Friday, April 4, 2008

Theatre Droppings: Shaw, Seuss, and "History"

I've had the chance to catch a few local droppings in my off-hours. My new buddy Gillian Shelly (whom I now call "My Barbara," as she shares the Shear Madness salon with me) is pulling double duty. In addition to her four shows a week at KenCen, she is one of the stars of Seussical the Musical, Jr. at Toby's Dinner Theatre. I drove out to Columbia, MD, to see her belting the hell out of the role of Gertrude McFuzz, for a full house of elementary (and younger!) school kids. I have been curious about the show since it first appeared on Broadway, and judging from the cast album, the role of the Cat in the Hat seems a good fit for me, so I welcomed the opportunity to see the show, even in an hour-long, truncated format. Gillian and her cohorts are having a ball playing the piece, and it zips along with almost no libretto. This junior version resembles an opera more than a traditional musical, though nothing seems lost with the elimination of large chunks of the original Broadway book. (Between you and me and the lamppost, the role of the Cat, which I covet, was the one real loser in this reduction. I have a hunch the character is much more central to the action in the full-length show...).

I was so glad I got a chance to catch the final matinee of Major Barbara at The Shakespeare Theatre Company, as it felt a bit like old home week. Though the show was presented in the new Harmon Center, the cast was filled with the regulars who put The Shakes on the map. Helen Carey and Ted van Griethuysen played the battling Undershafts, and in their hands, the show's focus shifted from the younger generation to the elder. I worked with Helen and Ted during the year I interned at The Shakes, and came away from the experience certain that I had been working with truly gifted actors. I was disappointed that I missed another of my favorite local actors, Floyd King, who had been excused from the show I saw in order to prep his next adventure at Studio Theater (see below). Catie Flye, my previous director and fellow actor, was playing one of the homeless misfits in the mission, and Vivienne Benesche, with whom I worked in Henry V, played the title character. The whole project was guided by director Ethan McSweeney, who was greatly involved with the intern company at The Shakes during my time there. He directed a bang-up version of Major Barbara, full of wit. I loved everyone casually sitting around on bombs during the final scene. I had a bit of trouble with the over-the-top stylings of Tom Story as Stephen Undershaft, and was more comfortable with the performances of Karl Kenzler as Cusins and Kevin O'Donnell as Lomax, both of whom lent realism to their portrayals. Ethan made a swell decision to include some of Shaw's stage directions on the show curtain each time the setting shifted. I wondered, though, why The Shakespeare Theatre hadn't released seats to this performance to the half-priced TicketPlace. I sat in the balcony, which was almost empty, and could see many empty seats in the orchestra as well... This cast deserved a fuller house.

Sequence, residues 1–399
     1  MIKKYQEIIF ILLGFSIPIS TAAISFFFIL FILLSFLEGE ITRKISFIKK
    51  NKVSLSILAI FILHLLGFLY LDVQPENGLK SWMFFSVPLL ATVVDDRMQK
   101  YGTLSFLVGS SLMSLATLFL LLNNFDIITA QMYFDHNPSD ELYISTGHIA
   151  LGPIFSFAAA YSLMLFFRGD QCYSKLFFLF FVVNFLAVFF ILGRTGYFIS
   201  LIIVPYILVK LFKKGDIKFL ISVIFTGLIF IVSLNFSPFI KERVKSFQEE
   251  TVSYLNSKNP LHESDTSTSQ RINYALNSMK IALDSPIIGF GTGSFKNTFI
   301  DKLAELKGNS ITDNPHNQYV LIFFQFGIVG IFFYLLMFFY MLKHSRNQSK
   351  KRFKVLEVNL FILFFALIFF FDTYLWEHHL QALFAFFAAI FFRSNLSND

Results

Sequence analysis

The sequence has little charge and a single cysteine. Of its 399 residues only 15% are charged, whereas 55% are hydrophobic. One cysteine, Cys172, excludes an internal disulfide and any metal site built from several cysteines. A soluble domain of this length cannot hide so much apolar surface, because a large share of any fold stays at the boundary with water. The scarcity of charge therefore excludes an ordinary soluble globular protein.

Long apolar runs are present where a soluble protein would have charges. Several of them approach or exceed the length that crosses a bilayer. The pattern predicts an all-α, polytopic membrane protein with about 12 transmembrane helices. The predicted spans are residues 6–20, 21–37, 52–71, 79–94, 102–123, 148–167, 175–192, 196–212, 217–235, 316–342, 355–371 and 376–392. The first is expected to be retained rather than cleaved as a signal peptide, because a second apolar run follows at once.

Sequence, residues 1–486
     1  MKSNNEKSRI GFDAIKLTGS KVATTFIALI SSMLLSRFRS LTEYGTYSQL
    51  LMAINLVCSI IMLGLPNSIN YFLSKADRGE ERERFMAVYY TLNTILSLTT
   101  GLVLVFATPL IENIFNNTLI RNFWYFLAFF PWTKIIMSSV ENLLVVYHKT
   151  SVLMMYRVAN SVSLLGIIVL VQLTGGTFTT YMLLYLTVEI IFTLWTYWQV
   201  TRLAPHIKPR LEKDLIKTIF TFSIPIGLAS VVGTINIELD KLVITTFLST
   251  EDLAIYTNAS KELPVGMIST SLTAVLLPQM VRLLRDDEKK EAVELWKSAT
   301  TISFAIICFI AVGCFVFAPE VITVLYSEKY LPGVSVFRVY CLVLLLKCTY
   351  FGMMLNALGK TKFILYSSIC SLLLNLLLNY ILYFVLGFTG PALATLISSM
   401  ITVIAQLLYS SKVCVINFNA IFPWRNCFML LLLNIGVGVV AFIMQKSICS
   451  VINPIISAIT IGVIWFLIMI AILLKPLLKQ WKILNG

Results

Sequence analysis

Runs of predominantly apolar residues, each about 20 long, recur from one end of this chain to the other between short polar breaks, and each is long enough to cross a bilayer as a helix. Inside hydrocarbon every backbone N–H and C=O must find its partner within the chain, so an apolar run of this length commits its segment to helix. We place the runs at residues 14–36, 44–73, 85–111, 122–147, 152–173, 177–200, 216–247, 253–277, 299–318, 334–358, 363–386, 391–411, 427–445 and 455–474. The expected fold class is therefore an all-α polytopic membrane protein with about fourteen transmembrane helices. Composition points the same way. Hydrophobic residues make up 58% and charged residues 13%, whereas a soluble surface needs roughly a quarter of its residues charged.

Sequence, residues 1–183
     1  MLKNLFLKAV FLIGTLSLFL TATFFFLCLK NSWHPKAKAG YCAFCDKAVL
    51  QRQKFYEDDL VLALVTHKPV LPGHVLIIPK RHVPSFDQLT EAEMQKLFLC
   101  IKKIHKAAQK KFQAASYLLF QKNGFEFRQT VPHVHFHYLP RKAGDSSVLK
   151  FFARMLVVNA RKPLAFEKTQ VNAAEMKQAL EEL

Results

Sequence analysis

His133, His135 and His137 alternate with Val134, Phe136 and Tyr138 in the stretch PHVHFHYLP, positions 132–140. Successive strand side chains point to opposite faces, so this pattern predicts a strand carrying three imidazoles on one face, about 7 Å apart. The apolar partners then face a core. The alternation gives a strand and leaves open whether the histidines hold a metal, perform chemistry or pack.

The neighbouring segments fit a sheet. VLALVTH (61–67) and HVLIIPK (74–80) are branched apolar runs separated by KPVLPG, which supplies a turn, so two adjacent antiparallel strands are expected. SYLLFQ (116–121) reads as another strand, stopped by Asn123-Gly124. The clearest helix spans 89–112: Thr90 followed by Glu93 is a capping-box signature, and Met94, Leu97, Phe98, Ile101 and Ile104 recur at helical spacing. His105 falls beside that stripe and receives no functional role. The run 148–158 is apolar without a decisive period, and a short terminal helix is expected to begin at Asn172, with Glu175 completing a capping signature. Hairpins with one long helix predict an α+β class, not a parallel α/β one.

I have been curious about Alan Bennett's The History Boys since it made such a splash in London and New York a while back, so I caught Studio Theatre's new production. I did my very best to enjoy it, but I made the unfortunate choice to attend a student matinee, where a group of inner-city teen-agers were bored, restless, and downright disruptive. I suppose some genius thought that, because the show dealt with teen-aged boys, this group of rude students would be interested. Not so. I finally moved away from the distracting group at intermission, and enjoyed Act Two from the back of the house. Floyd King did his usual bang-up job as the odd-ball teacher whom his students alternately loved and tolerated, and Simon Kendall was terrific as the new young teacher with a secret of his own. But the real fun was in the interaction with the boys of the title, with Owen Scott as the lovelorn "Posner" and Jay Sullivan as the cocky "Dakin" real standouts. The Washington Post made some noise about Scott's singing, but the fact that he occasionally wobbled off-key struck me as endearing rather than distracting. I may try to catch another performance of the show a little later in the run, with an adult audience whom I know will better appreciate this stylish debate on Education vs. Examination.